My parents recently celebrated their wedding anniversary, as did my friend’s parents. I’m pretty sure they’re not the only ones doing so this month as well.
June has long been popular for weddings, hence the term “June brides.” If you subscribed to our blog, you might remember that the sixth month takes its name from the Roman goddess of marriage, Juno. (Ironic, considering how her husband Jupiter’s lovers are legion, but okay.)
On the other hand, a bit of Googling also revealed that there are other reasons behind this wedding tradition, and they range from the practical to the downright puzzling:
- Ancient tradition considered May an unlucky month for marriages.
- During the Middle Ages, people timed their yearly baths sometime in May or June.
- June conceptions apparently didn’t interfere with harvest work.
- People who marry in June qualify as married for the whole financial year.
- Pop culture simply reinforces it.
Apparently, the festival honoring the Roman goddess of chastity occurred in May. Several husbands (and wives) probably didn’t relish the idea of having to abstain from intimate relations on their honeymoon.
An article entitled “Life in the 1500’s” claimed that most people bathed in May or June, when the weather was more pleasant. Hence, June brides still smelled relatively fresh. (The article even takes things a step further by saying that brides carried floral bouquets to hide their body odor!)
Now, the article has since been disproven. (It all turned out to be an elaborate prank, allegedly.) Still, hygiene reasons for June weddings wouldn’t take much of a stretch.
Taking a bath was an arduous process in the days without running water and heaters. You had to haul in a tub in front of the fire and keep pouring in hot water.
Needless to say, people then didn’t bathe often. When they did, they probably opted to do so in the summertime. And what bride wouldn’t want to smell (relatively) fresh on her big day, eh?
Babies conceived halfway through the year were often born just in time for spring. This allowed the mother to recuperate in time for the harvest.
June brides and grooms are apparently classified as married for the succeeding fiscal year (July 1- June 30). Lower income tax rates apply to married couples, so they could expect a larger tax return for the year.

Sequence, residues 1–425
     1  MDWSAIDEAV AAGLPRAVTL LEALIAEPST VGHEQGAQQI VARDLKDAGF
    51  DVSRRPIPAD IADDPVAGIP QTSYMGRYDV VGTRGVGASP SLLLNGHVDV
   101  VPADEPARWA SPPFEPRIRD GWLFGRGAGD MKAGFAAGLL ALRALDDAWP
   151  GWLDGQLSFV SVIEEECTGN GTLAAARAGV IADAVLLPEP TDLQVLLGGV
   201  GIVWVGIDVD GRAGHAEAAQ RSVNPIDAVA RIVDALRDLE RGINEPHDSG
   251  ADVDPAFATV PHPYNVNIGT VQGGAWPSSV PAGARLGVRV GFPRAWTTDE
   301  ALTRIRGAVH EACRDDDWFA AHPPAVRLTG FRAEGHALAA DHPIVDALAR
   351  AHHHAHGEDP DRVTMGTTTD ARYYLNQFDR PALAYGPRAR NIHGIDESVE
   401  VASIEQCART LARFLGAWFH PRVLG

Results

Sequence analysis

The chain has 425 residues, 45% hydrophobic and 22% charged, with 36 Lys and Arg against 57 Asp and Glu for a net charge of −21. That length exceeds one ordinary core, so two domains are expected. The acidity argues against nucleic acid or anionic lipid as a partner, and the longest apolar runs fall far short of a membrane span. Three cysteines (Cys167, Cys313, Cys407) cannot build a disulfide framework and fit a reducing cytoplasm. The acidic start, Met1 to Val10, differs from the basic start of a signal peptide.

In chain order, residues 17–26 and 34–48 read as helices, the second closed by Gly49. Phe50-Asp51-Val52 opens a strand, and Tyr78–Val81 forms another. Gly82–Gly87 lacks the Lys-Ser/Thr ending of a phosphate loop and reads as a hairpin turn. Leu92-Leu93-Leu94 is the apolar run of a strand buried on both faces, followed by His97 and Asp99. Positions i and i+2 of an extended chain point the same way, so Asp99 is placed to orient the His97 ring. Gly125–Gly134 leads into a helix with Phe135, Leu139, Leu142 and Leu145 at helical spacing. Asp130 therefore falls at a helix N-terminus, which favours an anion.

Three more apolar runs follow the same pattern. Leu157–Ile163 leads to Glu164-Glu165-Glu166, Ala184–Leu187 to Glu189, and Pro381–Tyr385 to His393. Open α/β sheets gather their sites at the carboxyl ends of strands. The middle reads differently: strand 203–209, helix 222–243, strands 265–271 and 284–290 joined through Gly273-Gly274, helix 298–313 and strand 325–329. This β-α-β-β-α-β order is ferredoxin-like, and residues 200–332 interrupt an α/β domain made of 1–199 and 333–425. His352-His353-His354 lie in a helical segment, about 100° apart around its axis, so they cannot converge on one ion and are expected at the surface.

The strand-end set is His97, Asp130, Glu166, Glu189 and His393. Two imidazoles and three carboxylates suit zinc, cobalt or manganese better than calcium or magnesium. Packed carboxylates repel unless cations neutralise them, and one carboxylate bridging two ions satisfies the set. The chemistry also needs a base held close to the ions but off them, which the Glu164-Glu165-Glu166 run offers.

Traditionally, newlyweds would use the said returns to defray their honeymoon costs. Nifty.
There is actually a 1948 movie entitled, you guessed it, “June Bride.” Bette Davis and Robert Montgomery starred in this romantic feature, and it reinforced the connection between weddings and the month of June.
A 1954 musical also contributed to the practice. “Seven Brides for Seven Brothers” even had a catchy song called, again, “June Bride.” Its lyrics proclaimed that the titular person would be a “bride all [her] life” and that a June bridegroom gets a “sweetheart for a wife.”
But what if a June wedding isn’t on the cards for you? Fret not, check out the following poem for other lucky months:
Married when the year is new, he’ll be loving, kind and true.
When February birds do mate, you wed not dread your fate.
If you wed when March winds blow, joy and sorrow both you’ll know.
Marry in April when you can, joy for Maiden and for Man.
Marry in the month of May, and you’ll surely rue the day.
Marry when June roses grow, over land and sea you’ll go.
Those who in July do wed, must labor for their daily bread.
Whoever wed in August be, many a change is sure to see.
Marry in September’s shrine, your living will be rich and fine.
If in October you do marry, love will come but riches tarry.
If you wed in bleak November, only joys will come, remember.
When December snows fall fast, marry and true love will last.